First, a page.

World (Cup) Politics
For Some Teams, The War on the Field May Mean Peace At Home
By Russell M. Page
Copy Editor, CMC ‘13
Judging by the 180-student turnout at Pickford Auditorium on the first day of Pitzer political studies professor Nigel Boyle’s “History and Political Economy of World Soccer” class, Claremont students are flocking in droves to examine the sport from a deeper perspective. As this summer’s 2010 FIFA World Cup in South Africa nears, students seem eager to learn about how soccer signifies much more than just a game. In this year’s World Cup, many intriguing stories blend soccer on the field with important political implications. The Port Side met up with Professor Boyle to discuss his class and the political significance of the World Cup.
Boyle, who hails from the British Isles, is an avid soccer fan. While his current course defies the convention of a small, intimate Claremont class, the demand was high enough in the World Cup year to justify the large lecture style. Boyle supplements lectures with field trips to games, game viewings, and a weekly film series that all students are encouraged to attend on Monday nights in Pickford.
In the World Cup this June, teams will play for much more than just a trophy. For North Korea and Chile, success or failure on the field will reflect upon national leaders. The United States is bringing its best squad in years to the Cup. European teams are playing on the continent their countries conquered and colonized, and are trying to prove that they still rule the sport. African teams will try to play up to the hopes of their continent as it hosts it first major international sporting event. South Africa, less than twenty years after Apartheid and still afflicted with major problems, knows that a secure and well-run World Cup will bring great pride to the nation and the continent.
Both nations on the Korean peninsula will play in South Africa, and North Korean dictator Kim Jong Il is already making preparations for the aftermath. Because the North Koreans have been put into what Professor Boyle labels the “Group of Death” with Cote d’Ivoire, Portugal, and favored Brazil, all odds point to an embarrassment. With the South Koreans poised to do well in the tournament, Kim Jong II’s regime is already preparing to censor its citizens’ ability to watch World Cup games. In 1966, the last time the North Koreans made it to the World Cup, they enjoyed shocking success, upsetting Italy to reach the quarterfinals. While the chances of a similar triumph are slim this year, the North Koreans are relatively unknown – and in soccer, surprises can come from unexpected places.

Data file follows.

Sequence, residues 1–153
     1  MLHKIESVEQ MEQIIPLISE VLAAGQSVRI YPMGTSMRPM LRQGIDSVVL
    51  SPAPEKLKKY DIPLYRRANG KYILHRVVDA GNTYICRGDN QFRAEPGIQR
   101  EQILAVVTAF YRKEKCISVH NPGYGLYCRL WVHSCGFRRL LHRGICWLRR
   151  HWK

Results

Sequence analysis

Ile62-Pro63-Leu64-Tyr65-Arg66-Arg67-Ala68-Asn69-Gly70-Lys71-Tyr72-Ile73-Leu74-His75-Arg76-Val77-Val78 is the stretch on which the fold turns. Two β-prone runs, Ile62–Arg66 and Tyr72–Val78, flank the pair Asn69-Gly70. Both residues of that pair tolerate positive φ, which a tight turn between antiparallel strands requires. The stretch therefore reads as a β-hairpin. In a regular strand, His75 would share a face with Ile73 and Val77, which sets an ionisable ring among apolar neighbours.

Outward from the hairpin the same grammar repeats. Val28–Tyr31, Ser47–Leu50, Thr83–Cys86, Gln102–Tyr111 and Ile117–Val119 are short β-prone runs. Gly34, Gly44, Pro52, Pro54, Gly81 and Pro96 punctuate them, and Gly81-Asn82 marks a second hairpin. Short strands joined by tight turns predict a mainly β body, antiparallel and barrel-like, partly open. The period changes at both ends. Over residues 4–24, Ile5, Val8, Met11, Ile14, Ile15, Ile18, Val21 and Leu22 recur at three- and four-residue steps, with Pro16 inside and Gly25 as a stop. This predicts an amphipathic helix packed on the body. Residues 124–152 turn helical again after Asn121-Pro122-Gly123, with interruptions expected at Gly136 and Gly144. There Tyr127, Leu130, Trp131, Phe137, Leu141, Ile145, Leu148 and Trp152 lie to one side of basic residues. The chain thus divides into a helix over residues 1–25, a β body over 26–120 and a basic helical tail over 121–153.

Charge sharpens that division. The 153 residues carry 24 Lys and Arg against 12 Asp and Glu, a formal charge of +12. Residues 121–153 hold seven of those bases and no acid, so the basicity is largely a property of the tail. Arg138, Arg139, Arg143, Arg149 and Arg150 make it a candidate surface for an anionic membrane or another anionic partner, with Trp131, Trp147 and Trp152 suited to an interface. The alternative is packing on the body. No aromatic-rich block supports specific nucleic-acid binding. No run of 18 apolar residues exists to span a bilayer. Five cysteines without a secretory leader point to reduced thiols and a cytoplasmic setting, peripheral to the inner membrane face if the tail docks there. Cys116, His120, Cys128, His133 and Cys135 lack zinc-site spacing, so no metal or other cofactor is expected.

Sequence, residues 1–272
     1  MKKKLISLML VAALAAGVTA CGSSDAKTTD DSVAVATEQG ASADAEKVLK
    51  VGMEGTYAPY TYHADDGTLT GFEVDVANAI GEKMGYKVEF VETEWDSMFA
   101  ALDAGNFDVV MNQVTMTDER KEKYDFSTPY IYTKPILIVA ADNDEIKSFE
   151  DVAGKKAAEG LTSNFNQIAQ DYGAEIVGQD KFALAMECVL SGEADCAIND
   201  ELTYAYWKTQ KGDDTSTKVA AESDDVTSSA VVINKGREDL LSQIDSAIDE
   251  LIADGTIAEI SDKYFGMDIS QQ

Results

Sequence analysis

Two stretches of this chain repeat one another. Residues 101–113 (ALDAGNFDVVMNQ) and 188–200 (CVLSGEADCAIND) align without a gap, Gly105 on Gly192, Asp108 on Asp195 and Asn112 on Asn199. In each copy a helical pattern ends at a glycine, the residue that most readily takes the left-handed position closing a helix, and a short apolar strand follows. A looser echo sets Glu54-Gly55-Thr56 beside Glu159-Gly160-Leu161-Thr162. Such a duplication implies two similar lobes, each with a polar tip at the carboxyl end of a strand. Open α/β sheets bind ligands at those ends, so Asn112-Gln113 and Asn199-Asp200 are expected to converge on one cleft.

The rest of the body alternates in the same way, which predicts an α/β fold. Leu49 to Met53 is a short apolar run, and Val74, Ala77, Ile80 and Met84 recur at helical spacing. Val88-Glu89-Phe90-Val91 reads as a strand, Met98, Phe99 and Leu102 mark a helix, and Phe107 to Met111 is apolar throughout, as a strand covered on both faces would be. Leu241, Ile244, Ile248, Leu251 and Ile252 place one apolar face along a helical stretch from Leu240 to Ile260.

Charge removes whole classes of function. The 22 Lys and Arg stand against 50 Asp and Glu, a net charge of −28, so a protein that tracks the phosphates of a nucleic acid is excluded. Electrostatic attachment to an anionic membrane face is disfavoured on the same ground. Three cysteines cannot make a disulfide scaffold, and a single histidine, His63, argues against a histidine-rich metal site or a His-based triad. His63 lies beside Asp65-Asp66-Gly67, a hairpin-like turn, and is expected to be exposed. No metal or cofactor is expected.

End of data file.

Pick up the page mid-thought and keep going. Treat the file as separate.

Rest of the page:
Chileans just elected Sebastian Piñera president, their first right-wing leader since dictator Augusto Pinochet. Piñera must take on the tough task of rebuilding his nation after the devastating earthquake and tsunami. Though this soccer connection may seem tenuous, all Chileans know that Piñera practically owns the national team. His election did not depend entirely on soccer, but his popularity stems at least partially from the team, which easily qualified for the Cup. If Chile does well in South Africa, then Piñera, can use what Professor Boyle calls “soccer nationalism” to unite his people behind his rebuilding efforts.
The U.S. is heading back to South Africa, where they had an outstanding run in last year’s Confederations Cup by defeating Spain and reaching the final against Brazil. The Yanks have a talented squad and a great shot at advancing deep into the tournament. With Major League Soccer gaining more prestige and American participation in the sport increasing, success in the World Cup can bring the United States respect on the world stage. With the American Youth Soccer Organization training its third generation of players, youth soccer has integrated itself into American culture; more American children now play soccer than any other sport. With participation at an all-time high, the only thing lacking is a serious fan culture. Success in the Cup, may compel Americans to finally start caring about the world’s most popular game.